Senator James Lankford (R-OK) on Wednesdsay took to the Senate floor to share his opposition to the Respect for Marriage Act, which he believes will lead to the violation of Americans’ religious liberty and their constitutional freedom to live their faith.
Lankford remains the strongest voice for religious liberty, both domestically and internationally, in the Senate. Existing laws that protect Americans’ First Amendment rights, including the Religious Freedom Restoration Act, continue to see numerous challenges from Congress as people of faith continued to be targeted from all directions. But the Supreme Court continues to side with the First Amendment to keep the federal government from forcing people to violate their religious and moral beliefs. Lankford applauded the Supreme Court’s decision in Masterpiece Cakeshop v. Colorado Civil Rights Commission, and he submitted an amicus brief in the case of 303 Creative LLC v. Elenis, calling for the Supreme Court to review a circuit court decision that prohibits a Colorado business owner from exercising her free speech and religious liberty rights.
Lankford supported the Supreme Court’s unanimous holding in Fulton v. City of Philadelphia that Philadelphia was wrong to require Catholic Social Services to shed their faith in order to serve children and families and reaffirmed that no one should be discriminated against or compelled by the government to violate their sincerely held religious beliefs. Lankford signed on to a brief asking the Supreme Court to take the case. Lankford introduced the Child Welfare Provider Inclusion Act, which would protect faith-based child welfare providers, like Catholic Social Services, from being discriminated against for acting in accordance with their deeply held religious beliefs.
Lankford also introduced his Conscience Protection Act to protect the conscience rights of healthcare providers, including health insurance plans, from government discrimination if they decline to participate in abortions.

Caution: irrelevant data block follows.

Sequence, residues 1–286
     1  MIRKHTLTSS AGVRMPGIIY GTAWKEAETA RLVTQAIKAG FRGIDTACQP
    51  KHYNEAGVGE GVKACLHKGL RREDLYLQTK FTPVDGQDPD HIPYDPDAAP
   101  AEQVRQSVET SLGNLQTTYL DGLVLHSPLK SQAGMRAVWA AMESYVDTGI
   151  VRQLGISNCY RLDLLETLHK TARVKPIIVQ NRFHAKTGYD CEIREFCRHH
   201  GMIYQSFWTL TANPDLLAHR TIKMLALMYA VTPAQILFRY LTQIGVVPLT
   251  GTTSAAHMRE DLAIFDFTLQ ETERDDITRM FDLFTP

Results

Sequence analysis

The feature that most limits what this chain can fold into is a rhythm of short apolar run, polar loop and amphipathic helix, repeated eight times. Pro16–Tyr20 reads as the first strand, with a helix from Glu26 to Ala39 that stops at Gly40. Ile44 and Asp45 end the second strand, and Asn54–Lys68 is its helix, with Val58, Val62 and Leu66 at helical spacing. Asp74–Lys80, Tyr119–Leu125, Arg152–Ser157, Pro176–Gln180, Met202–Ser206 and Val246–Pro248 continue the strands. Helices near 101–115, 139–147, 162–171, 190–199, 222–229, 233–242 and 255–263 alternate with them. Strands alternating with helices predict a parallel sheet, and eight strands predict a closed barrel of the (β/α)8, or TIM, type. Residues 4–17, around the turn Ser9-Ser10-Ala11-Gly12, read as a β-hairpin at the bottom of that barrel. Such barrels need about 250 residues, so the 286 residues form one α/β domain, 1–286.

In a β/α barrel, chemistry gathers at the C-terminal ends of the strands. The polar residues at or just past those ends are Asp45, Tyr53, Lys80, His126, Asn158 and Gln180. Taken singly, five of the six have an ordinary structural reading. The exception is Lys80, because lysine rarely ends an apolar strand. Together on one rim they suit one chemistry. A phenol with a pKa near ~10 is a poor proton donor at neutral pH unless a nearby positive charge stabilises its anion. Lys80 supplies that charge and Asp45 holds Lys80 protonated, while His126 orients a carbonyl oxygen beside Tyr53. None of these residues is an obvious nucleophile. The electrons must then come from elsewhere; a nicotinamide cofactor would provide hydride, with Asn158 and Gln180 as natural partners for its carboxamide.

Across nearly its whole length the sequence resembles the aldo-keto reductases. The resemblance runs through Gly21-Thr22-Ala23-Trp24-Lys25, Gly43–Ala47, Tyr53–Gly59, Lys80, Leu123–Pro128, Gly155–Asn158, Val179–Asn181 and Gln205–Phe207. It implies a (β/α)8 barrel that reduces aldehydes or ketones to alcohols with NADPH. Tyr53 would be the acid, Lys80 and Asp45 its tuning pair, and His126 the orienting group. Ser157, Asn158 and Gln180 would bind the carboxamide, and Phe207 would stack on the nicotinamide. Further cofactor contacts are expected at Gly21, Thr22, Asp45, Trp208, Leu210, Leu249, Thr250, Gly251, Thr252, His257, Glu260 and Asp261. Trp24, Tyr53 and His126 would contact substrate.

…Then today…my colleagues move forward on a bill that instead of promoting equality for all people of all opinions, it specifically highlights areas of specific faith differences and says their opinions won’t count this time. It deals with this issue of marriage, which has been a controversial issue in America but was quite frankly since 2015, in the Obergefelldecision in the Supreme Court there have been no case move in the country to deny same-sex marriage to any individual, in any state across the nation. Today, my colleagues moved forward on a bill to open up debate—without amendment may I add—on a bill that would that would certainly affect the religious liberty of countless people across the country.
…rising up, reading the text of the bill…and saying there is a problem. Practically what would this mean? Practically what could this mean? I would say first and foremost we don’t want anyone to be discriminated against in America–anyone to be discriminated against in America. All individuals should be honored. All individuals should be able to live their lives in freedom in America. But practically, this bill puts faith-based child welfare organizations who are operating in a accordance with their sincerely held religious beliefs to place children with loving families, it puts them in jeopardy. And while some of my colleagues may say that is far-fetched, may I remind you the Supreme Court has already handed out a decision in the Fulton case and remind them that this is continuing to happen…
…After the decision in Obergefell was made, President Obama spoke to the nation. He supported the Obergefell decision from the Supreme Court. He said this, ‘I know that Americans of goodwill continue to hold a wide range of views on this issue. Opposition in some cases has been based on sincere and deeply held beliefs. All of us who welcome today’s news should be mindful of that fact; recognize different viewpoints; revere our deep commitment to religious freedom.’ Great words that seem to be on the cutting room floor today. It hasn’t taken long for President Obama’s statement after the Obergefell decision to say, ‘Never mind.’